# STRANGE SNOOKER

##### Level 1 Level 2 Level 3 More Investigations

Bounces Pocket

Click the snooker cue to begin.

Choose a different width and height to see what difference that makes.

This is a very strange snooker table. It has only has four pockets and the ball always travels at an angle of 45° to the sides of the table.

Given the width and height of a table can you predict which pocket the ball will end up in and how many times will it bounce off one of the sides?

Collect some data for different sized snooker tables. You may wish to collect your results in a spreadsheet so that you can investigate the relationships between the numbers.

Note that the number 6 is missing from the drop-down selectors. That is because the 6 is being saved for level 2.

If you use the table below to collect your data you can earn a Transum virtual trophy for finding ten different cases.

 Width Height Bounces Pocket ✔ ❌ 🔃 ✔ ❌ 🔃 ✔ ❌ 🔃 ✔ ❌ 🔃 ✔ ❌ 🔃 ✔ ❌ 🔃 ✔ ❌ 🔃 ✔ ❌ 🔃 ✔ ❌ 🔃 ✔ ❌ 🔃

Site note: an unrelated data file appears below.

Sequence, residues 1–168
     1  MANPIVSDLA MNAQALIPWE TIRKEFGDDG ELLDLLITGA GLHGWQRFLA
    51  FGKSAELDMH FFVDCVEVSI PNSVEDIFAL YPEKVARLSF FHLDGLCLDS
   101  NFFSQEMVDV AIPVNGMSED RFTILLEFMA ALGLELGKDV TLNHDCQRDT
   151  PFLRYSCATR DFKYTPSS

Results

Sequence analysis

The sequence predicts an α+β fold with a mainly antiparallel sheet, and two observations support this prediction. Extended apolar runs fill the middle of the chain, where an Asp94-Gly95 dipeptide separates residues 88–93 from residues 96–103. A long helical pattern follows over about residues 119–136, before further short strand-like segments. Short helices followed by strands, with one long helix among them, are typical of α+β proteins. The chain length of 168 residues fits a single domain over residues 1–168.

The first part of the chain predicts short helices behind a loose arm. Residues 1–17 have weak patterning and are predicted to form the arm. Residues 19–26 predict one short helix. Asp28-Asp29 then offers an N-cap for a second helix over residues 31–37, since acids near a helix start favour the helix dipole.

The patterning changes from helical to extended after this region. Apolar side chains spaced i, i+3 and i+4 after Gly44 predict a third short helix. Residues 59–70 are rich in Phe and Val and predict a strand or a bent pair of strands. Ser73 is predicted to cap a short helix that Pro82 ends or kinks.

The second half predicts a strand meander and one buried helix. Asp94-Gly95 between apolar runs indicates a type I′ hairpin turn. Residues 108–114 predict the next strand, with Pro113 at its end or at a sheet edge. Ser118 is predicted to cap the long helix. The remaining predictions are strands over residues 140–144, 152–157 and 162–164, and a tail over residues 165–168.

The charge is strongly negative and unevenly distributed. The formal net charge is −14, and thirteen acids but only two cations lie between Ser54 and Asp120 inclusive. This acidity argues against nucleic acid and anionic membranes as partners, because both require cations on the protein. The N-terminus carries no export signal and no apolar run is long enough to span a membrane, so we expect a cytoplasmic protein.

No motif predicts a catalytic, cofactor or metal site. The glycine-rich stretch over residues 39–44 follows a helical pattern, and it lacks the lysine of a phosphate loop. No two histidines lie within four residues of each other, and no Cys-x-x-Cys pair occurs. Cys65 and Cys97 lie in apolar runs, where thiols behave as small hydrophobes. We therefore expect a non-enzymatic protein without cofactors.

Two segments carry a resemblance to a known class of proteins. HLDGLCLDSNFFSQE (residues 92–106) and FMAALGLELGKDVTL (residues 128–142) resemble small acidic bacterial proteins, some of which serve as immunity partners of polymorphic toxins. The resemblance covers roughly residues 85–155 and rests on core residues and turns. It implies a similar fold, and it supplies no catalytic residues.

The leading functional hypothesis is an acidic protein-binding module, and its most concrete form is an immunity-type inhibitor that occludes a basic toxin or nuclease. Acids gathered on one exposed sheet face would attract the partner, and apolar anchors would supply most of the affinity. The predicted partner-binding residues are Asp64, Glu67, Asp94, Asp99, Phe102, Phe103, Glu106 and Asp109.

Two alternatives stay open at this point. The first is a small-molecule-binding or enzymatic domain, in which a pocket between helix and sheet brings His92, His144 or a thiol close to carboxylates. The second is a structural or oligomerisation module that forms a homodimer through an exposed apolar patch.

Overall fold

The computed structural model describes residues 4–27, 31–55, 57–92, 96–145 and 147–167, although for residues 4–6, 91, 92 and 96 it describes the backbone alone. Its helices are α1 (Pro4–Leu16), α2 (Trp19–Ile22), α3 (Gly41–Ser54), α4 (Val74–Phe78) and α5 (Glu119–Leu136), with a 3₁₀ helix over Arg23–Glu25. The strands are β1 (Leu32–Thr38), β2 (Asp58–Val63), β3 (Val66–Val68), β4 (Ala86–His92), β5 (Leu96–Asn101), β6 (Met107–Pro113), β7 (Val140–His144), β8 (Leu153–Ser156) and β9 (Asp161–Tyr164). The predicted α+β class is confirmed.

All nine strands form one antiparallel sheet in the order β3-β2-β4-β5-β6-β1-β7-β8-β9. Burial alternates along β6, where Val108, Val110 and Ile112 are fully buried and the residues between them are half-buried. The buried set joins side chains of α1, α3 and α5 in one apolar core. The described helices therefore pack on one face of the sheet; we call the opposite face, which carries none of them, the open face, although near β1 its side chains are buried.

Check

🔃 This symbol will appear next to a row that is a duplicate of a previous row. If you see this symbol or the cross which indicates incorrect figures, you can make corrections then click the Check Again button.

In addition to the number of bounces and the destination pocket you could also investigate how far the ball travels before falling into a pocket? Using a spreadsheet may help manage the data you collect. There are many things you could.

If you like snooker you may be interested in playing the Snooker Angles game:

Transum.org/go/?to=snookerangles

Investigations Home

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A mathematical investigation is quite different to other mathematical activities. The best investigations are open ended and allow students to choose the way they work and how they record their findings. It is one of the few occasions when 'going off on a tangent' is not only acceptable but actively encouraged (within reason).

Students may ask for 'the answers' but this supposes that the activity is closed. Investigations can always be extended by varying the initial instructions or asking the question 'what if...?'. Sometimes students point out that the instructions are ambiguous and can be interpreted in different ways. This is fine and the students are encouraged to explain how they interpreted the instructions in their report.

Some students may benefit from a writing frame when producing the reports of their investigations. Teachers may suggest sections or headings such as Introduction, Interpretation, Research, Working and Conclusion or something similar.

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